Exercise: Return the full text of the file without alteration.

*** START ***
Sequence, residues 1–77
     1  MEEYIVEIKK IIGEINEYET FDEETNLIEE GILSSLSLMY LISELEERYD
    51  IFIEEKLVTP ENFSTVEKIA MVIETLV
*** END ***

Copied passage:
Sequence, residues 1–77
     1  MEEYIVEIKK IIGEINEYET FDEETNLIEE GILSSLSLMY LISELEERYD
    51  IFIEEKLVTP ENFSTVEKIA MVIETLV